New law needs to be applied to safeguard rights
The public has been encouraged to get informed and put into use new ‘decision support arrangements’ – which will help to reduce adult abuse.
Safeguarding Ireland today launched a two week public awareness campaign to promote greater public understanding and application of the Assisted Decision-making Capacity Act, which came into effect in April.
The law or Act is one of the most significant new bodies of social legislation in Ireland for many years and is designed to uphold people’s rights, particularly among vulnerable adults.
Safeguarding Ireland Chairperson Patricia Rickard-Clarke encouraged every person, professional and organisation to make the effort to become familiar with the law – and importantly to now apply it.
“The new law is about rights, and taking every possible step to assist people to continue making their own decisions about their health, finances, housing, work or personal welfare – even if there are challenges in doing so due to capacity.
“It is of particular importance for people who have challenges with decision-making such as those living with frailty, dementia, an intellectual disability, an acquired brain injury, or mental illness. But it may be important to all of us at certain times in our lives.”
Also included in the law is guidance for doctors, lawyers and financial providers such as banks on actions they must take to uphold the rights of all people to decision-making.
Ms Rickard Clarke said that Safeguarding Ireland was in its work aware of ongoing instances of the law not being applied by people, families and professionals. She said it is really important that it becomes fully applied – as only in doing so will reduce adult abuse and protect people’s rights.
A RED C survey of a representative sample of 1,000 adults last May found that just one third of adults had heard of the law and half of those said they did not know what it is about. Just 4% said they had a good understanding of assisted decision-making.
To coordinate this major change, a new State Agency called the Decision Support Service (DSS) has been established and is responsible for promoting public awareness, to register the new decision support arrangements, to provide oversight and to resolve issues which arise.
The key principles of the new law are:
- To always presume that each person has the ability to make decisions about their own life
- If a person has a challenge, but with help can make their own decision, then that support must be provided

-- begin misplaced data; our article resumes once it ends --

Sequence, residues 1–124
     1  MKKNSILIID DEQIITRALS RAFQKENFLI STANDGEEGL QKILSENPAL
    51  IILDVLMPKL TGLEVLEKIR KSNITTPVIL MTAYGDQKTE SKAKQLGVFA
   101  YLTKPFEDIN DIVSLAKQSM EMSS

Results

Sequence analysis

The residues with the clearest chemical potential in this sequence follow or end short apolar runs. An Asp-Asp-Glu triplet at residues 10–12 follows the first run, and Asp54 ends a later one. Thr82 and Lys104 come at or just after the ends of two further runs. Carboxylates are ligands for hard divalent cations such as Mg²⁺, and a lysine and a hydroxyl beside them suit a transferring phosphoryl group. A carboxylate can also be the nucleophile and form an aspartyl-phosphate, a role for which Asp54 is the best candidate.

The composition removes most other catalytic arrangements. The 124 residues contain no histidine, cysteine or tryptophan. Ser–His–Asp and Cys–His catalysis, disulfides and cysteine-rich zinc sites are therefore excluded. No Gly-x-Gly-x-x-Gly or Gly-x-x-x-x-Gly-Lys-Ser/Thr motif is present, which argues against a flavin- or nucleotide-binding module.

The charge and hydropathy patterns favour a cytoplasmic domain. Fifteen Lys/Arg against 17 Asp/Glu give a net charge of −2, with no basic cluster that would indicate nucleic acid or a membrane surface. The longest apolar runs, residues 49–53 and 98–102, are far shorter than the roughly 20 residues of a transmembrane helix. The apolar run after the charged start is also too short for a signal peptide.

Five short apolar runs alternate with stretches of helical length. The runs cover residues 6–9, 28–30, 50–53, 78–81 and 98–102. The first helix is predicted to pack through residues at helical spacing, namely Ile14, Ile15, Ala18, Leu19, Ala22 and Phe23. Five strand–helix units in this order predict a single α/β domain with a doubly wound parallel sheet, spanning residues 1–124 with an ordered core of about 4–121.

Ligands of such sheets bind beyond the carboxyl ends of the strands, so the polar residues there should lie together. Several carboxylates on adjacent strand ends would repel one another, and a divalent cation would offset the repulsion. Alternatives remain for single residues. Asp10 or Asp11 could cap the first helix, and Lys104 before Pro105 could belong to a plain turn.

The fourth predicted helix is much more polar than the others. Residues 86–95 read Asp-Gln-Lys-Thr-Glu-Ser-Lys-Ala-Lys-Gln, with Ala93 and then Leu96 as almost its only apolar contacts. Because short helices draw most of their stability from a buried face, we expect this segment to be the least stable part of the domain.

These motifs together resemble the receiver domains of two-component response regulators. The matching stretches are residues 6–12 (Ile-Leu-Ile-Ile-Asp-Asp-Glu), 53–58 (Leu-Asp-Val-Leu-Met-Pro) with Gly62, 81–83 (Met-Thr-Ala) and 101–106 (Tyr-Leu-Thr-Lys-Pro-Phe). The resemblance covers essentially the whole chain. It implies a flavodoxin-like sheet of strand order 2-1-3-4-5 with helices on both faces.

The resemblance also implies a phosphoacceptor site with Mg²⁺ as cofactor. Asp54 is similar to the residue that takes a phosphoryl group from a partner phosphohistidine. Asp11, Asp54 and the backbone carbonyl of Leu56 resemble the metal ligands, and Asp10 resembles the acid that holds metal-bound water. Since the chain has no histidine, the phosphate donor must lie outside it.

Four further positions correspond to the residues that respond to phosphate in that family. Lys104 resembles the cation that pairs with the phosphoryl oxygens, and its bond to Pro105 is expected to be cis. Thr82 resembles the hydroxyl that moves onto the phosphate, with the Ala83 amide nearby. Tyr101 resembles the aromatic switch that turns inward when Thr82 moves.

- Making what some may perceive as an ‘unwise’ decision does not mean a person is unable to make a decision
- If a person has reduced decision-making capacity, then the Act sets out five different decision support arrangements.
The five Decision Support Arrangements which have legal standing are:
- A Decision-Making Assistant can be appointed by a person to gather and explain information and communicate a decision for them.
- A Co-Decision Maker can be appointed by a person to make decisions jointly with them. The agreement must be registered with the DSS.
- A Decision-Making Representative can be appointed if a person is unable to make decisions, even with help. This person is appointed by the Court.
- When a person has decision-making capacity they may legally appoint a person to make decisions on their behalf, if in the future they are unable to do so. This is appointing an Enduring Power of Attorney (EPA) which includes financial, property and personal welfare decisions.
- For healthcare decisions, a person may appoint a Designated Healthcare Representative (DHR) for a time in the future when they may no longer have decision-making capacity.
Ms Rickard-Clarke said that is it important to clarify the common and incorrect ‘myth’ that when someone needs help a ‘next-of-kin’ would assume charge of their affairs.
“While next-of-kin can be an important contact point, a ‘next-of-kin’ has no legal standing or authority to act on a person’s behalf. To have legal authority a person must be appointed under one of the five decision support arrangements. Safeguarding Ireland encourages every person, professional and organisation to become familiar with the Assisted Decision-making Act and to apply it in their lives and work. If these are things that are relevant to you, your family, or your work but you are not sure what to do – please find out more.”
More information at:
- Decision Support Service: decisionsupportservice.ie / 01 211 9750
- HSE: assisteddecisionmaking.ie / 1800 700 700
- National Advocacy Service for People with Disabilities: advocacy.ie / 0818 073000:
- Sage Advocacy: sageadvocacy.ie / 01 536 7330.
Ronan Cavanagh, Cavanagh Communications: (086) 317 9731.
Safeguarding Ireland promotes safeguarding of adults to protect them from all forms of abuse by persons, organisations and institutions and to deliver a national plan for promoting their welfare.
Safeguarding means putting measures in place to uphold our rights, to support our health and wellbeing, to reduce our risk of harm – and to empower us to protect ourselves. Safeguarding involves ourselves, our families, services and professionals all working together to prevent and respond to adult abuse, neglect or coercive control. Safeguarding means empowerment – that if we face challenges with our capacity, ability or independence our decisions are supported and respected.